In this week's ruling, the Pennsylvania Supreme Court observed that courts are obligated “to hold prosecutors to their word, to enforce promises, to ensure that defendants’ decisions are made with a full understanding of the circumstances, and to prevent fraudulent inducements of waivers of one or more constitutional rights.” Society “holds a strong interest in the prosecution of crimes,” but “no such interest, however important, ever can eclipse society’s interest in ensuring that the constitutional rights of the people are vindicated.” Accordingly, the Court ruled, Cosby’s convictions and sentence must be vacated.
My favorite explanation of why the rule of law matters is offered by Robert Bolt in “A Man for All Seasons” when he depicts an exchange between Sir Thomas More and a young idealist, William Roper, about giving the accused the benefit of the law:
William Roper: “So, now you give the Devil the benefit of law!"
Sir Thomas More: “Yes! What would you do? Cut a great road through the law to get after the Devil?"
William Roper: “Yes, I'd cut down every law in England to do that!”
Sir Thomas More: “Oh? And when the last law was down, and the Devil turned 'round on you, where would you hide, Roper, the laws all being flat? This country is planted thick with laws, from coast to coast, Man's laws, not God's! And if you cut them down, and you're just the man to do it, do you really think you could stand upright in the winds that would blow then? Yes, I'd give the Devil benefit of law, for my own safety's sake!”
American courts must take seriously the rights extended by our Constitution, even when – especially when – the person seeking their protection deserves no public sympathy or solace. I’m not glad that Bill Cosby is free, but I’m glad I live in a country where judges decide his freedom based on what the law requires, not on what they think he – or any of us – deserve.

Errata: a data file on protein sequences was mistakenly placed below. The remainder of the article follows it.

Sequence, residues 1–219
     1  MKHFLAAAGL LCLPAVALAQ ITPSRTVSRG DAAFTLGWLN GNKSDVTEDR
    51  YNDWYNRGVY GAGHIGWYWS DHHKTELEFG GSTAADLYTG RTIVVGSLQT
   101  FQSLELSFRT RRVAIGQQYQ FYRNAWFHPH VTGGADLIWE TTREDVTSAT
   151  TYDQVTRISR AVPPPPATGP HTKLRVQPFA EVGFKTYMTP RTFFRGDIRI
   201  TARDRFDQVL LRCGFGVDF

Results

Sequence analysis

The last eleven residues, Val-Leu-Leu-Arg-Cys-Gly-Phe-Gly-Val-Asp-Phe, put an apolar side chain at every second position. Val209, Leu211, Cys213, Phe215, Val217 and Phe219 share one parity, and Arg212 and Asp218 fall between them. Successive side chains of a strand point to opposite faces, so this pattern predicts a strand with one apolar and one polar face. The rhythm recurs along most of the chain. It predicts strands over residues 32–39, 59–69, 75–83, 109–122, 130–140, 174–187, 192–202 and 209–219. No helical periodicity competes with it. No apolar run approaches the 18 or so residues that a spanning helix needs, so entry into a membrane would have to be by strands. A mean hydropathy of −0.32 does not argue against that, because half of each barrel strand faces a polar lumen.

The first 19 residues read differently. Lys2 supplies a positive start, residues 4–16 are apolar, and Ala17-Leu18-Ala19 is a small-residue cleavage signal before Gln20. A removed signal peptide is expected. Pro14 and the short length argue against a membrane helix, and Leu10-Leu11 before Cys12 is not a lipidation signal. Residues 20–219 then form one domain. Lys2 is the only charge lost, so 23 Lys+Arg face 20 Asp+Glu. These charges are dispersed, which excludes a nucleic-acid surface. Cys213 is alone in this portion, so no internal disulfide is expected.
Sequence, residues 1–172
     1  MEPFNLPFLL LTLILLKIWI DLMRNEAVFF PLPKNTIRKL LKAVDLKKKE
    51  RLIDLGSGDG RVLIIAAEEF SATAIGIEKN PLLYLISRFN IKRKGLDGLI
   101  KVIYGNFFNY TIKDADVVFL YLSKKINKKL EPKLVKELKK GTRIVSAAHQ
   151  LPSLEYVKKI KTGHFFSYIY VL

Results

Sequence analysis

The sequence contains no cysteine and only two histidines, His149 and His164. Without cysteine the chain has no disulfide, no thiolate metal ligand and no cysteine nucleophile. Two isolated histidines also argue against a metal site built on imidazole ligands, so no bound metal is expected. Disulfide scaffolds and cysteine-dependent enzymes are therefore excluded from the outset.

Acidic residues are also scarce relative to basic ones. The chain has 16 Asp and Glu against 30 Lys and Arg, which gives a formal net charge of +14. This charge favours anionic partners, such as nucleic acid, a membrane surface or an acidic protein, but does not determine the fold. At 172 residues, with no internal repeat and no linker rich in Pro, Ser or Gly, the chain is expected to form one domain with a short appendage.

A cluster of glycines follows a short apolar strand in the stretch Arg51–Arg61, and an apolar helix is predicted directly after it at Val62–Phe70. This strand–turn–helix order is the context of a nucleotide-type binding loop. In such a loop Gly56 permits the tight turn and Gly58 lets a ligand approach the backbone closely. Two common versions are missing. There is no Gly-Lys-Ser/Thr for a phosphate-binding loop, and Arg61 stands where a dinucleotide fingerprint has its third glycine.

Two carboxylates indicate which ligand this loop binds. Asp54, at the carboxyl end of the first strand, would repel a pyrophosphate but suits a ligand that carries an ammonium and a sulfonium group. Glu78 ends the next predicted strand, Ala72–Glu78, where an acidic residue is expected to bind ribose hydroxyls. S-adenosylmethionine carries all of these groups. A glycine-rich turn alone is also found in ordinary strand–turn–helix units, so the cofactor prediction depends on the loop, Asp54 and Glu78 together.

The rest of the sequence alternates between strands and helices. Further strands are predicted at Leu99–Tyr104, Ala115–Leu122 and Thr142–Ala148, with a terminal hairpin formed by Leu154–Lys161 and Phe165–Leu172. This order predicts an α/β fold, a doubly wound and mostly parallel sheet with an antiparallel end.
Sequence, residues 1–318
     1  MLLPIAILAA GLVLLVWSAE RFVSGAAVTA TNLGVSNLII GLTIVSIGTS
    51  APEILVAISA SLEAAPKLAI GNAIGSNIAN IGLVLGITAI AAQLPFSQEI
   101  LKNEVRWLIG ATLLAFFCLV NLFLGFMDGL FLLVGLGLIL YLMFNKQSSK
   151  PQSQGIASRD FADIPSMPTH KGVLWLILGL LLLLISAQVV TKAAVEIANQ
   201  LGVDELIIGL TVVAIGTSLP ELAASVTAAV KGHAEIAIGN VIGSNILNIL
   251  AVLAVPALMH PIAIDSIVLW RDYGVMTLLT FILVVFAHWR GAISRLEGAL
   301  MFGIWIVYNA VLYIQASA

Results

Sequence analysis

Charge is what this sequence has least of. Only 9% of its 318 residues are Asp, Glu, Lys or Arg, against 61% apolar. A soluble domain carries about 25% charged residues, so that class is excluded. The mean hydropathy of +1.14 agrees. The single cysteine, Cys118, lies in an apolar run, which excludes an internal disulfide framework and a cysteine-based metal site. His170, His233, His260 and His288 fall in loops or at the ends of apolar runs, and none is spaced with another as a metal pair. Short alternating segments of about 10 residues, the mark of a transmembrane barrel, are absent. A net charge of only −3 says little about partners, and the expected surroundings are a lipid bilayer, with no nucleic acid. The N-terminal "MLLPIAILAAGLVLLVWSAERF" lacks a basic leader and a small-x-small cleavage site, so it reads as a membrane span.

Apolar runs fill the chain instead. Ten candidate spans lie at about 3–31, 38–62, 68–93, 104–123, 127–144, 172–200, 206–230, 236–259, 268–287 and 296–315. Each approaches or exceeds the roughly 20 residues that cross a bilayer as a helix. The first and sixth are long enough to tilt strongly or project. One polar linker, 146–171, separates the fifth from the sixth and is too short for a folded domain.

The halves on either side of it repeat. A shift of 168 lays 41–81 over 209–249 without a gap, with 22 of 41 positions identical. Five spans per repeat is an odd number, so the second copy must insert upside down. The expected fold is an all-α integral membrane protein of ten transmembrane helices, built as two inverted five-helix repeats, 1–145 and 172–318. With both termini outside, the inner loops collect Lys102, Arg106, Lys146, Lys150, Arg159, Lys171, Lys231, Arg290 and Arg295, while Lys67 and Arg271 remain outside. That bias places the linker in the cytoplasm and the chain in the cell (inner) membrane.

After year's of hoarding the Notre Dame Law School library's, I recently bought my own copy of Henrich Rommen's classic The State in Catholic Thought: A Treatise on Political Philosophy. The 2016 edition I purchased (published by Cluny Media) comes with an excellent introduction by Prof. Bruce Frohnen, whose work is probably familiar to MOJ readers. With his permission, I'm posting a little excerpt from that introduction:
Rommen’s task in The State in Catholic Thought is to explain the role the state plays in facilitating ordered pursuit of common goods. The modern nation state in particular too often asserts control over other associations, portraying itself as a single, national "good." This is the path followed by the tyrannies of the twentieth century against which Rommen struggled. Those tyrannies included the totalitarian regimes of Hitler, Stalin, and their ilk. They also included the seemingly more humane regimes of the social democrats, with their utilitarian ethics and hostility toward the higher, more permanent good of the human person. . . .
In opposition to [social democrats’] false vision of a neutral state, Rommen offers the just social order. Too often confused with statism and even pursued as a kind of social democracy with confessional window-dressing, the state envisioned by Rommen is, in accordance with Catholic teaching, an accommodating structure serving man’s natural ends. The state, on this view, works to bring together society’s various communities to reason together and seek common understanding and pursue common ends. It promotes rules ordering their relations with justice, respect for self-government, and attention to the common good.